Fjortende Julibukta [79° 07.5' N 11° 52' E]

The bay of Fjortende Julibukta boasts magnificent scenery, a glacier that calves into the sea and a cliff on the north side of the bay teeming with breeding birds. The birdlife is vulnerable and must be respected. Please be considerate during landings and while moving through the area so as not to cause any harm to the birdlife.

Fjortende Julibukta

Fjortende Julibukta. (Image: Geir Wing Gabrielsen / The Norwegian Polar Institute)

Take care:
  • Be considerate towards nesting birds in the area. Do not land prior to 1 August on the north side of the bay, in consideration of the nesting geese. Keep a distance from nesting birds.
  • Maintain a fair distance to the fox dens.
A beautiful summer day at the glacier of Fjortende Juli-breen. (Image: Kit Kovacs & Christian Lydersen / The Norwegian Polar Institute) When pink-footed geese leave their nests, the eggs are exposed to thieves. (Image: Lise Øvrum / The Governor of Svalbard) Arctic foxes quickly appear where geese have left the nest. In the summer foxes collect as much food as possible for their winter supply. (Image: Marie Lier)

Inside of Kapp Guissez Krossfjorden opens up to a wide fjord in northern direction. Far into the fjord, the cliff Kongshamaren can be seen at the southern tip of the peninsula of Kong Haakons Halvøy. At the right side lies the plateau of Krossfjordflya, which is an old strandflat. North of the plateau lies the bay of Fjortende Julibukta. The bay is not very long, but the glacier of Fjortende Juli-breen calves into the sea along a three-kilometre-wide glacier front. The glacier is a typical valley glacier with an area of approximately 81 km2. The highest point on the glacier is about 1200 m.a.s.l. The glacier has retreated during the last decades.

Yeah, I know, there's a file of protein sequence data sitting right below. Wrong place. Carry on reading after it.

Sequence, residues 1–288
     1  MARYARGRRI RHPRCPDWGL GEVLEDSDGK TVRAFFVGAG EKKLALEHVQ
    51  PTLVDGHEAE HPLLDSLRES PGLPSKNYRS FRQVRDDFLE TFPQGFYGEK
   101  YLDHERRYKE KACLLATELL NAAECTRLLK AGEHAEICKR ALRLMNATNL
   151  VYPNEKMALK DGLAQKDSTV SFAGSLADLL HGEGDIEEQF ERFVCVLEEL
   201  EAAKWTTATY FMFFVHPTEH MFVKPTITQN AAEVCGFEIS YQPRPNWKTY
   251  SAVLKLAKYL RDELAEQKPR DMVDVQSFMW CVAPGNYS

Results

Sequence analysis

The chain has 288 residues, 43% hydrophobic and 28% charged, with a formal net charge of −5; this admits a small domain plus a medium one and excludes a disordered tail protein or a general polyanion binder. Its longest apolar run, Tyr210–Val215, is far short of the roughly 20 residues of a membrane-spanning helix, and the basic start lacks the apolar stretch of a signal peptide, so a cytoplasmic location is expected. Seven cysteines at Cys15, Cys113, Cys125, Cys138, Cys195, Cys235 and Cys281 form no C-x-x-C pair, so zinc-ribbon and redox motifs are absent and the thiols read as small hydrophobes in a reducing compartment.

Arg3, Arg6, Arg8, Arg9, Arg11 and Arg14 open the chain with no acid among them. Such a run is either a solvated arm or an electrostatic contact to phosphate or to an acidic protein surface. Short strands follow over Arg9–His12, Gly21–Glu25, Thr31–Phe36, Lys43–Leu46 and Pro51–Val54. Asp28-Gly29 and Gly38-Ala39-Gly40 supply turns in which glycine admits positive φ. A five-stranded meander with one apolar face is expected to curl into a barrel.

At the north side of the bay of Fjortende Julibukta, a steep mountain ridge rises from sea level to a height of almost 1000 m: the Casimir-Périerkammen. Here lies a great bird cliff housing northern fulmar, kittiwake and Brünnich’s guillemot as the dominating species. A considerable number of Atlantic puffins and black guillemots are also found here. Pink-footed geese nest in the slope beneath the bird cliff and outwards on the beach ridge toward the point of Redingerpynten. They are vulnerable to disturbances in June and July prior to egg hatching and during the chicks’ first week. Traffic in the area should be avoided in this period because of the danger of disrupting the nesting birds. Glaucous gulls and Arctic foxes quickly steal the eggs when brooding geese are scared away from their nests. Please also be considerate and careful when walking near the fox dens.

Vulnerable elements

A number of bird species nest in the area, including pink-footed geese, which are extremely vulnerable to disturbances during brooding. Traffic on land in the bay of Fjortende Julibukta prior to hatching of the geese eggs and in the first weeks after hatching can easily lead to increased loss of eggs and chicks. It is therefore advised that tourists not land until after 1 August. Keep a distance to flocks of geese with chicks at sea. Stay away from the Arctic fox dens, and by all means don’t feed curious foxes!

Landing sites

The best place to land is along the northern side of the bay, just outside of the pronounced point.

Recommended trails

There is a good viewpoint on the hill by the headland out toward the sea – see the first picture.

Updated May 2015

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Norwegian Polar Institute
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